Prostate Cancer: Symptoms and Risk Factors
Prostate cancer is an increasingly common disease in the United States. It is second only to skin cancer as the most common cancer in men. It is the second-leading cause of cancer death in men and the most common cause of cancer death in male nonsmokers.
The severity of prostate cancer depends on how quickly it grows. Most cases progress slowly and never become advanced or life threatening. Some, however, advance more quickly and eventually metastasize (spread) to other parts of the body, including the spine, lymph nodes, and lungs.
- The most common symptoms include difficult or painful urination, feelings of having to urinate frequently or being unable to urinate completely, and blood in the urine.
- A small number of cases present with symptoms of metastatic disease, such as weight loss, fevers, or back pain.
- Many cases do not have any symptoms at all. These cases can go unnoticed, or may be detected during a physical examination or blood testing.
- Age: The risk of prostate cancer increases rapidly with age. It rarely occurs before age 45, but most men over 80 have evidence of cancerous prostate cells.
Because of its strong association with age, the number of new cases and deaths from prostate cancer is expected to increase as the American population grows older.
- Race: African-American men have the highest risk of prostate cancer. They also tend to have a more advanced stage of the disease at diagnosis, compared with whites.
- Genetics: Prostate cancer is likely influenced by several genetic factors. Men who have a first-degree relative with prostate cancer have twice the risk of developing the disease themselves. Early onset of prostate cancer in a first-degree family member further increases the risk.
The incidence of prostate cancer is also higher in families with breast cancer and in patients with certain genetic traits, called BRCA1 or BRCA2 gene mutations, which are best known for their contribution to breast cancer.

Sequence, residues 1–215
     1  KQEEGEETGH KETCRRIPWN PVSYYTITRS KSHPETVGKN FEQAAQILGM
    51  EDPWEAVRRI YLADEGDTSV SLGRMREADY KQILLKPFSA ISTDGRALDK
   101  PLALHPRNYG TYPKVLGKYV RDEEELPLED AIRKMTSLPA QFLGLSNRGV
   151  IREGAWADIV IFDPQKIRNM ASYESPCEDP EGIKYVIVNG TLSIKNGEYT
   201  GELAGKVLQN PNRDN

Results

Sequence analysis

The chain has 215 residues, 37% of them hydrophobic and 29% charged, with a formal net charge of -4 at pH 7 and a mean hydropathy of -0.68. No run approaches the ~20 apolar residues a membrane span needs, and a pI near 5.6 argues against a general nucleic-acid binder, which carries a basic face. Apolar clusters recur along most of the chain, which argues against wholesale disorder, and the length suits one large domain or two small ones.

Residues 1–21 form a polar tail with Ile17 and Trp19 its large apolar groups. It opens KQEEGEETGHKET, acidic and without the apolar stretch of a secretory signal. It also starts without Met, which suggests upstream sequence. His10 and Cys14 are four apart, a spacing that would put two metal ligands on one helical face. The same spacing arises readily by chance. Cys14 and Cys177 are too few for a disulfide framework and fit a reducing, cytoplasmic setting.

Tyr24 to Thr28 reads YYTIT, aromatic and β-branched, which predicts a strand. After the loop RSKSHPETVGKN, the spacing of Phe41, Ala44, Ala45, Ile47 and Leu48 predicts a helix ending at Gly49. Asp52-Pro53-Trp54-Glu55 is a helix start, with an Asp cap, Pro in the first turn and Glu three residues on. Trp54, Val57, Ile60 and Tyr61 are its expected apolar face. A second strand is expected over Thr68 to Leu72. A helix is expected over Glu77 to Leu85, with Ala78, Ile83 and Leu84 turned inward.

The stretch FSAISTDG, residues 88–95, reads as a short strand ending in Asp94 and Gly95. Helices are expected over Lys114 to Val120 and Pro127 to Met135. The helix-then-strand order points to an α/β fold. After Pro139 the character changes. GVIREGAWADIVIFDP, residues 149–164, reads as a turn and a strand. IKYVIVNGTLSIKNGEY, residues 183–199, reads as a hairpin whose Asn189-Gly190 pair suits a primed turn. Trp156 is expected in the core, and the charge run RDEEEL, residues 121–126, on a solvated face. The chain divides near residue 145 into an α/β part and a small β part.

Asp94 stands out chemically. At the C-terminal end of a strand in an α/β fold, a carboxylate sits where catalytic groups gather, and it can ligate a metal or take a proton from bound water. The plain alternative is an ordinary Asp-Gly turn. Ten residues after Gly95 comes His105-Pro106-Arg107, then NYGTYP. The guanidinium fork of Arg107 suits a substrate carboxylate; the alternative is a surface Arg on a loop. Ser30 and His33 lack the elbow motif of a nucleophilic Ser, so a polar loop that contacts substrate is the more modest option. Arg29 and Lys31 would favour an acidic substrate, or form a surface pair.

- Insulin-like growth factor-I (IGF-I): High blood concentrations of IGF-I are associated with prostate cancer and have been correlated with excess body weight and with certain dietary intakes, which are described in Nutritional Considerations below.
- A complete history and physical examination is the initial step in evaluating a person for prostate cancer. It should include a digital rectal exam to evaluate the size, symmetry, and tenderness of the prostate gland.
- Most cases of prostate cancer are detected by a blood test that measures for prostate-specific antigen (PSA). Nearly all cases of prostate cancer result in an elevated PSA level. However, other disorders, such as inflammation of the prostate gland or benign prostatic hyperplasia (BPH), can also cause PSA to be elevated.
- For a definitive diagnosis, a prostate biopsy is necessary.
- In patients with diagnosed prostate cancer, further testing will be necessary to check for the presence of metastases. These may include a bone scan, a CT scan of the abdomen and pelvis, and other tests.
Because most cases of prostate cancer grow slowly and do not become advanced, many cases are carefully monitored but not treated. When treatment is needed, it may include medications, radiation, chemotherapy, or surgery.
- If prostate cancer has not spread from the prostate gland, treatments include surgery to remove the prostate, radiation, brachytherapy (internal radiation), and cryotherapy.
These treatments can result in significant side effects, including urinary incontinence, impotence, and painful urination.
- In some cases, usually for advanced prostate cancer, medications called gonadotropin-releasing hormone agonists (e.g., leuprolide) or androgen receptor antagonists (e.g., flutamide) are used.
- Chemotherapy is sometimes used for certain types of advanced prostate cancer.
Prostate Cancer: Nutritional Considerations
Prostate cancer appears to be increasing worldwide, a trend that may be due in part to the advancing Westernization of eating habits. Increased meat and dairy intake and diets high in processed foods and low in fiber have been associated with increased prostate cancer risk.
On the other hand, evidence is accumulating that a low-fat, vegetarian diet may be helpful for the prevention and possibly for the treatment of prostate cancer. In research studies, the following nutritional steps are associated with a reduced risk of prostate cancer: